Quentin Letts letting loose delivers a cathartic read even though some stray punches strike the wrong targets, writes Gideon Rozner.
As countries throughout the West buckle under the disconnect between the political class and the mainstream, the London Daily Mail’s columnist Quentin Letts unloads on the ‘snootocracy’: the political, cultural and financial elites that have steadily ‘betrayed Britain’. And Letts is not selective in his outrage. Everyone gets a serve, from out-of-touch politicians and faceless bureaucrats to sanctimonious academics and virtue-signalling celebrities.
Nor is the author afraid to name names. For Letts, the political is personal, and he is uncompromising—often vicious—in attacking the ‘worst offenders’ when it comes to talking down to ordinary Britons. ‘Bearded box-wallah’ Richard Branson tops Letts’ list of the 100 most patronising bastards (helpfully included as an appendix). Other notable inclusions are David Beckham, Richard Dawkins and Prime Minister Theresa May, who is ‘so boring they should use her to dig for shale gas’. Many of Letts’ subjects are less well-known, and will be largely unfamiliar to Australian readers. But Patronising Bastards is still a highly enjoyable read despite its UK-centric angle. Letts’ caricatures are so detailed in their savagery that little background knowledge is needed.
FOR LETTS, THE POLITICAL IS PERSONAL, AND HE IS UNCOMPROMISING—OFTEN VICIOUS—IN ATTACKING THE ‘WORST OFFENDERS’ WHEN IT COMES TO TALKING DOWN TO ORDINARY BRITONS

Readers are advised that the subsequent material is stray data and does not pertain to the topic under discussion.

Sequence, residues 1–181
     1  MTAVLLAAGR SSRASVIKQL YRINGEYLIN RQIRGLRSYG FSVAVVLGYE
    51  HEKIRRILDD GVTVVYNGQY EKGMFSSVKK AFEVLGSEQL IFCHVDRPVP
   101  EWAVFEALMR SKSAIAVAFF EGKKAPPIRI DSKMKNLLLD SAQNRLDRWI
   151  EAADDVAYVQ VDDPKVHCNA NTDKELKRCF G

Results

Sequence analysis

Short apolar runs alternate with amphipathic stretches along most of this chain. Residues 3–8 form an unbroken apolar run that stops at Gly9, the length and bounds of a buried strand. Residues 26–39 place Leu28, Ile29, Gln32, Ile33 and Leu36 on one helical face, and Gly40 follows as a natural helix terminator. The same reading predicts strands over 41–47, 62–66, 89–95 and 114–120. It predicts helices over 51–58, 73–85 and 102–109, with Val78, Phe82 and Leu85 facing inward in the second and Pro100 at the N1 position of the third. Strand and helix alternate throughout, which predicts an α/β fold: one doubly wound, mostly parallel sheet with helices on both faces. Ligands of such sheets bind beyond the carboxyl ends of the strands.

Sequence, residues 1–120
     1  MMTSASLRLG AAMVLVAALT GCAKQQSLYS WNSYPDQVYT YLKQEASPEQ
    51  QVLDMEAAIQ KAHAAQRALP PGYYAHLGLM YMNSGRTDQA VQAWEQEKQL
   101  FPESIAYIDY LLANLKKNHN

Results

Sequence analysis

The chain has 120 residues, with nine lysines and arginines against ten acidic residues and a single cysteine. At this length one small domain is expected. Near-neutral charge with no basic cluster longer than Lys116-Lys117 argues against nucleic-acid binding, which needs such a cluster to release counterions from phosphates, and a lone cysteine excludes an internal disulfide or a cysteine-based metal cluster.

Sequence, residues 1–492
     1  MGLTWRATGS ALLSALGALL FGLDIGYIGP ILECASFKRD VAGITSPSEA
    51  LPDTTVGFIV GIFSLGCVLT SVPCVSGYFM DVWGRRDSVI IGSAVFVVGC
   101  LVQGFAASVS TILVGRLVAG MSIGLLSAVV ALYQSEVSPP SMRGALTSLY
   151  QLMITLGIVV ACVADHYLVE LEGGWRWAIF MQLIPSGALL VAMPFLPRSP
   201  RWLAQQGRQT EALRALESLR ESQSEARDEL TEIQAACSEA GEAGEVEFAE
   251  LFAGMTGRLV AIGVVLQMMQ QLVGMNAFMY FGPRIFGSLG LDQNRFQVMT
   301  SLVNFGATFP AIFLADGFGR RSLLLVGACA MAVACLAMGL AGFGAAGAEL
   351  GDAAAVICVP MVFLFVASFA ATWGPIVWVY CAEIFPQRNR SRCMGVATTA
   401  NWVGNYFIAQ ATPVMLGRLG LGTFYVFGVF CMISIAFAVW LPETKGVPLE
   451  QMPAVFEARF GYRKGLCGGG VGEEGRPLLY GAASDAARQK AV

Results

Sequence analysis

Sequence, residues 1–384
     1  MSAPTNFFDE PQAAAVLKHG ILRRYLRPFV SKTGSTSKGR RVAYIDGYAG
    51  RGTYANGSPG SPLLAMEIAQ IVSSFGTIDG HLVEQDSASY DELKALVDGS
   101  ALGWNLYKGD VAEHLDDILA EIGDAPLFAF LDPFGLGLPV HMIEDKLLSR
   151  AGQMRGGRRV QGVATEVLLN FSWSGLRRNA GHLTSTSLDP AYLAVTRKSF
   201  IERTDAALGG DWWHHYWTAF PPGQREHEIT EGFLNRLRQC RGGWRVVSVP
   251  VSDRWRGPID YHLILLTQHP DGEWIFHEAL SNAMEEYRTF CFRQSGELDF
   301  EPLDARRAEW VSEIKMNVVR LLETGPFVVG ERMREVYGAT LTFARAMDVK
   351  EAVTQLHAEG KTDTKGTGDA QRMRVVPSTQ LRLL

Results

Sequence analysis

In this sense, Patronising Bastards does for the political polemic what Louis-Ferdinand Celine’s Journey to the End of the Night did for the novel.
It is a 300-page scream, crackling with urgency, disgust and rage—a brutal assault on the hypocrisy and condescension of the chattering classes.
Naturally, Brexit is a recurring theme. For Letts, it was ‘the greatest citadel-storming since the French Revolution’, a culmination of ‘yeoman impatience with our smug, self-perpetuating, invisible Brahmin caste’. The Leave victory European Union:
For decades, Britons have been bossed about by a clerisy of administrators and managers and pose-striking know-alls. The old aristocracy having faded, in came a more furtive elite, driven by the desire to own minds, not acres. They were not interested in buying parklands and vistas. They wanted to control opinion and dictate our attitudes… They crouched behind ‘enlightened’ attitudes while imposing their views on a populace they claimed to esteem but truthfully disdained. … (the Brexit vote) was the eruption of a long-building resentment at being bossed around by an opaque snootocracy, by prosperous fixers and people-in-the-know… Our arrogant elite, after years of self-enriching condescension, had been whupped.
If Brexit represented the storming of a citadel, its apex was the political class. As Letts observes: ‘General elections are elections for Parliament. The [Brexit] referendum was an election against Parliament, in spite of Parliament’. Here, Letts points to the obvious disconnect between the Leave-voting public and the majority of their ‘elected representatives’, who–from the Prime Minister down–campaigned aggressively for a Remain vote.